U.S. Centers for Disease Control and Prevention experts believe that COVID-19 spreads primarily from person to person, between people who are within around six feet of each other and through droplets produced by a sick person’s cough or sneeze.

The WHO also says that “the disease can spread from person to person through small droplets from the nose or mouth which are spread when a person with COVID-19 coughs or exhales,” and recommends keeping more than three feet away from a sick person.

The Bank of England says: “Like any other surface that large numbers of people come into contact with, notes can carry bacteria or viruses. However, the risk posed by handling a polymer note is no greater than touching any other common surfaces such as handrails, doorknobs or credit cards.”

Earlier this month a newspaper report claimed the World Health Organization (WHO) had said banknotes may be spreading the coronavirus, so people should try to use contactless payments instead. But it was then reported that the WHO denied it had said cash was transmitting the coronavirus, and that it had been “misrepresented” – so go figure.

‘WHO did NOT say banknotes would transmit COVID-19, nor have we issued any warnings or statements about this.’— WHO spokeswoman Fadela Chaib

However, logic would suggest that most notes and coins will have previously been handled by large numbers of people (though ATMs quite often dispense notes that are either brand new or little used), so if you are worried, paying with a contactless card where possible is probably the way to go.

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COVID-19 mainly spreads through droplets released into the air when someone who’s gotten infected coughs or sneezes. But it can also be contracted through the surfaces we come into contact with, says Dr. Ellen Foxman, an assistant professor in Yale’s Department of Laboratory Medicine.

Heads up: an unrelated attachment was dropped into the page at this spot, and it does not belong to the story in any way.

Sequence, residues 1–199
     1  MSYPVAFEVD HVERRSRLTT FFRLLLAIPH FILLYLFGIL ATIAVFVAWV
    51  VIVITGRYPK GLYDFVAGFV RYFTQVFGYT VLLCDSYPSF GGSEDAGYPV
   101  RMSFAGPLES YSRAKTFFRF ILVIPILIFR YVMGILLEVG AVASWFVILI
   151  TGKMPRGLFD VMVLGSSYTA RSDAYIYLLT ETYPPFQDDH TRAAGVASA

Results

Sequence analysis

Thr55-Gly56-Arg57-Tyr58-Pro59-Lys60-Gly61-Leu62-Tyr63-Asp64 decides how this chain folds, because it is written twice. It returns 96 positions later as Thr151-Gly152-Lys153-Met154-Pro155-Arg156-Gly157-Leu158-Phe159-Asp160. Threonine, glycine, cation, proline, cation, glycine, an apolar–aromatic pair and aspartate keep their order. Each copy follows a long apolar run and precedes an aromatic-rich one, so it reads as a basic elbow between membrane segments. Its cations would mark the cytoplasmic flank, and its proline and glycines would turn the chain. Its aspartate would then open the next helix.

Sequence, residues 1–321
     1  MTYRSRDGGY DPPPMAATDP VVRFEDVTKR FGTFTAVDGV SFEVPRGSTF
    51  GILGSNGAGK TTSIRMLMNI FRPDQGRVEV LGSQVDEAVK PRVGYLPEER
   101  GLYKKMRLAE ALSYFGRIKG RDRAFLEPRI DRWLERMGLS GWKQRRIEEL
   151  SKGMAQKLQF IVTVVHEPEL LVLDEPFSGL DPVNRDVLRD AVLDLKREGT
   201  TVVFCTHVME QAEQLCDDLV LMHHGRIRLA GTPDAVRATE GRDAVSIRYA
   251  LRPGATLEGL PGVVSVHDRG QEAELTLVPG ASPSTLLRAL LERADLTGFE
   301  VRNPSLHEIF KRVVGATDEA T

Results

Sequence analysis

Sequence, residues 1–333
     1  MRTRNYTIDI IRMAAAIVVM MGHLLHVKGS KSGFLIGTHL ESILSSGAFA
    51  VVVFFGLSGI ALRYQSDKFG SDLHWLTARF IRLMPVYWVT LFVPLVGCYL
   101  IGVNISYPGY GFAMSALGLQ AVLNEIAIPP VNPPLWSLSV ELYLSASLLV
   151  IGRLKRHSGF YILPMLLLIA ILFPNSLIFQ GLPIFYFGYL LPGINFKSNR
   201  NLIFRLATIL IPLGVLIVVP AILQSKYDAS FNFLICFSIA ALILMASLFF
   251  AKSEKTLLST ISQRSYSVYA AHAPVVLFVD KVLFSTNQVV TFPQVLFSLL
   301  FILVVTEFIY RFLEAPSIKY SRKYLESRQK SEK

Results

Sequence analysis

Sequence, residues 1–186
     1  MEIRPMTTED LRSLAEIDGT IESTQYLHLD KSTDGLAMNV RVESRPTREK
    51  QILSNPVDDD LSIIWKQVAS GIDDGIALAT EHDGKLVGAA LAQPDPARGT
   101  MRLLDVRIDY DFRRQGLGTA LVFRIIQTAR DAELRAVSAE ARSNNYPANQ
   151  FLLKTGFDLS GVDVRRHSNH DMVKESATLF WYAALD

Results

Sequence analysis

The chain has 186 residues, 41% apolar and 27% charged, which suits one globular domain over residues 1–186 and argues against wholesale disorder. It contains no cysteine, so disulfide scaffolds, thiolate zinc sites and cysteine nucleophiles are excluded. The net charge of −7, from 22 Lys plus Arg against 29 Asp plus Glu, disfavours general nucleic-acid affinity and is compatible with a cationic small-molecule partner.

“It really can stay on surfaces for like, several days, including things you touch, like cash,” Foxman explains.

Here are some Preventive Measures

1. Clean your hands regularly with an alcohol-based hand rub, or wash them with soap and water.

2. Clean surfaces regularly with disinfectant – for example kitchen benches and work desks.

3. Educate yourself about COVID-19. Make sure your information comes from reliable sources.

4. Avoid traveling if you have a fever or cough, and if you become sick while on a flight, inform the crew immediately. Once you get home, make contact with a health professional and tell them about where you have been.

5. Cough or sneeze into your sleeve, or use a tissue. Dispose of the tissue immediately into a closed rubbish bin, and then clean your hands.

6. Take extra precautions to avoid crowded areas if you are over 60 years old, or if you have an underlying condition.

7. If you feel unwell, stay at home and call your doctor or local health professional.

8. If you are sick, stay at home, and eat and sleep separately from your family, use different utensils and cutlery to eat.

9. If you develop shortness of breath, call your doctor and seek care immediately.

10. It’s normal and understandable to feel anxious, especially if you live in a country or community that has been affected. Find out what you can do in your community. Discuss how to stay safe with your workplace, school or place of worship.

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